George Henderson OBE, a leading trade union figure and a campaigner for pensioners, has died, aged 78.
Mr Henderson was born on September 27, 1933, in Candlemaker Row. His father was killed during a field operation in the Second World War, leaving Mr Henderson’s mother Helen to bring up two children on her own.
Mr Henderson became the man of the house, aged 11, and while still at school he had a paper round, a milk round, worked for the local butcher and a grocer to boost the family budget.
Mr Henderson left school at 15 and served a five-year indentured apprenticeship to become a craftsman plasterer. In 1954, having finished his apprenticeship, he was called up to serve in Suez with the 1st Battalion Royal Scots Regiment.
On his return he became involved in union activities. He held various offices of the Scottish Plasterers Union, serving as branch secretary, chairman and executive council member before being elected a national organiser of the union age 29.
The Scottish Plasterers’ Union merged with the Transport and General Workers Union (T&G), forming a new Building Crafts Section and at the age of 35 Mr Henderson was promoted to national secretary of the Building Crafts Section, which involved him moving down to London.
As such he was among the “Group of Eight” construction industry leaders to meet with Prime Minister Margaret Thatcher to warn about the consequences of severe government cutbacks. Mr Henderson reportedly told the PM that “to the construction workers and thousands of other sufferers you are like a modern day ‘Nero’ fiddling while you are ruining the country”.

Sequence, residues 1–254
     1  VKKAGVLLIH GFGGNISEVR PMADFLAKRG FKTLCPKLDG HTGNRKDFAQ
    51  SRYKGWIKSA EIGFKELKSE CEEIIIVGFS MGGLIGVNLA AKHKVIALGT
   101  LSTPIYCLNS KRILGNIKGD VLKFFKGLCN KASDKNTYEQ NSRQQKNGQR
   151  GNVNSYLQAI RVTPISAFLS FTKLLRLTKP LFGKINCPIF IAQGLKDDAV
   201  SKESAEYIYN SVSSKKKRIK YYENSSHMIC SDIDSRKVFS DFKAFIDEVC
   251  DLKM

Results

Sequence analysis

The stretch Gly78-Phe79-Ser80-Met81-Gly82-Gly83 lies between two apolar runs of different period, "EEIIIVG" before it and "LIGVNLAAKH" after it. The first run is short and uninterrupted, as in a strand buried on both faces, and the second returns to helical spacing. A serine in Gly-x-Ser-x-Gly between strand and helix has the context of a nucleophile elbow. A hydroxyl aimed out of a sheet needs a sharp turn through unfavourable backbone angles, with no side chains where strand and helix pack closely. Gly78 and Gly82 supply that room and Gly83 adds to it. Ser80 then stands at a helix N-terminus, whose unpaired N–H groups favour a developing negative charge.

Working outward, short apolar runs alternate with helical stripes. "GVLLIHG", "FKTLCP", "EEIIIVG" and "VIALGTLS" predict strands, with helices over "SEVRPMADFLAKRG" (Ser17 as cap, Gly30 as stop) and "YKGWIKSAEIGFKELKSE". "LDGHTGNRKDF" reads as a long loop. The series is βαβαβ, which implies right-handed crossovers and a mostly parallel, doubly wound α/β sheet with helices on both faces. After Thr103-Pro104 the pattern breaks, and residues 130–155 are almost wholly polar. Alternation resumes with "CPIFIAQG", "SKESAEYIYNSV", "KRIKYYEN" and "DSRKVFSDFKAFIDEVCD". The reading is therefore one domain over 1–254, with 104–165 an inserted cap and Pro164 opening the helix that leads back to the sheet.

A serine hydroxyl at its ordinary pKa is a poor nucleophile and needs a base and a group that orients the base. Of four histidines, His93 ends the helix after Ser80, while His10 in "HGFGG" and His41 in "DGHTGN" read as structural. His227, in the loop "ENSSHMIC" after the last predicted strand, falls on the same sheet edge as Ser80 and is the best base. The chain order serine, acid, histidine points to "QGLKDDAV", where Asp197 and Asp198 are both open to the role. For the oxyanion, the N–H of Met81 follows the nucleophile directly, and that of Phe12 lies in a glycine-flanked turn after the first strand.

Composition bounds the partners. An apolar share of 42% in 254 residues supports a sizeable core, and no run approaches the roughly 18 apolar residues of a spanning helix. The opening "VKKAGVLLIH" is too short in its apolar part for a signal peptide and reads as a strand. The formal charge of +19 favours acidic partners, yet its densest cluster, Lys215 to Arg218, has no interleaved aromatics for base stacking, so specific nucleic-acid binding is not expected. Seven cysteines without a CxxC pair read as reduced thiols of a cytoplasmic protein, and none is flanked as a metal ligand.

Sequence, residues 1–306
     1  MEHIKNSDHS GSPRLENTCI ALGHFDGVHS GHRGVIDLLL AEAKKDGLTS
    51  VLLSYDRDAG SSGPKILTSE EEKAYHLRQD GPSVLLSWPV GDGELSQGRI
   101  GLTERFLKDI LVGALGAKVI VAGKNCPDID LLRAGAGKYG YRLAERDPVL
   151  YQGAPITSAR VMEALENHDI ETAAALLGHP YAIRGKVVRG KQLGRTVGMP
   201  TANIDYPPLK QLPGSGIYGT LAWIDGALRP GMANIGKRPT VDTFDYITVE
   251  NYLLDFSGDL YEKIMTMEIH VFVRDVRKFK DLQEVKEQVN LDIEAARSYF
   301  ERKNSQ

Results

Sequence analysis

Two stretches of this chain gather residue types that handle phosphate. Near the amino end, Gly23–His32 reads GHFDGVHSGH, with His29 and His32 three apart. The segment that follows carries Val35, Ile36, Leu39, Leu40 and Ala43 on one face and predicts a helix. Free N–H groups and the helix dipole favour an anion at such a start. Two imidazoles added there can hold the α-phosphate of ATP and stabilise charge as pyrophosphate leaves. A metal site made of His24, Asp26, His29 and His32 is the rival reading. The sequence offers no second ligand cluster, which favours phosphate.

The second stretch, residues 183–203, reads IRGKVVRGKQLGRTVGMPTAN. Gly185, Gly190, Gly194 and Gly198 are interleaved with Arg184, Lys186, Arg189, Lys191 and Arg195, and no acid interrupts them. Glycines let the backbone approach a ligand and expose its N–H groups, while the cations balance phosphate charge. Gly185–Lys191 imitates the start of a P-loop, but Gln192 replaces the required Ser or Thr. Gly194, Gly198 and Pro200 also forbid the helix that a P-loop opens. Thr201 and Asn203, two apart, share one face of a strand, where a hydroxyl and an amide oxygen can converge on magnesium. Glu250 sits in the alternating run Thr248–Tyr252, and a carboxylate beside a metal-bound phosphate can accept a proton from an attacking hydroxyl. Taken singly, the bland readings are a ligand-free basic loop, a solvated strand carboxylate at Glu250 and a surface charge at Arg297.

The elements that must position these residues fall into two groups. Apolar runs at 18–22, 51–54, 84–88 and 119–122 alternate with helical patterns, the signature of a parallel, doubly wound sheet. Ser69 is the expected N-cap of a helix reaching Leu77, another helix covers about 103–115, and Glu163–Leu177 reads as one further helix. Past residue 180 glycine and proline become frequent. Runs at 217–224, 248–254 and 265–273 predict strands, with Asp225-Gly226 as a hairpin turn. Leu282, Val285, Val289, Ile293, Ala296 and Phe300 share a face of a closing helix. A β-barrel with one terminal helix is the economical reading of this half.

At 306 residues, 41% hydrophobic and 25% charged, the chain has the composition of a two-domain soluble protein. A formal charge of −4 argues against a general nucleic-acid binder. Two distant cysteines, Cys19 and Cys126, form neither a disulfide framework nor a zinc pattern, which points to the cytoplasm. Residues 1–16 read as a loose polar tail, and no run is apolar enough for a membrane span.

He was presented with the OBE by the Queen at Buckingham Palace in 1995 for his services to industrial relations and health and safety, although he always said his proudest possession was his award of his union’s Gold Medal.
Mr Henderson was the longest-serving member of the UK Construction Industry Training Board, and was chairman of its civil engineering committee.
A trustee of the T&G’s Retired Members Association, Mr Henderson became president after the death of Jack Jones. He was also a member of the national council of the National Pensioners Convention and chairman of the NPC in Scotland.
On his retirement, he moved back to Edinburgh and threw himself into working for pensioners. He stood as a candidate for the Scottish Senior Citizens Unity Party in the 2007 elections for the Scottish Parliament, polling more than 4000 votes in the Lothian constituency.
He is survived by his wife, Helen, son George, grand-daughters Hayley and Kelly, and great-grandsons Bailey and Crawford.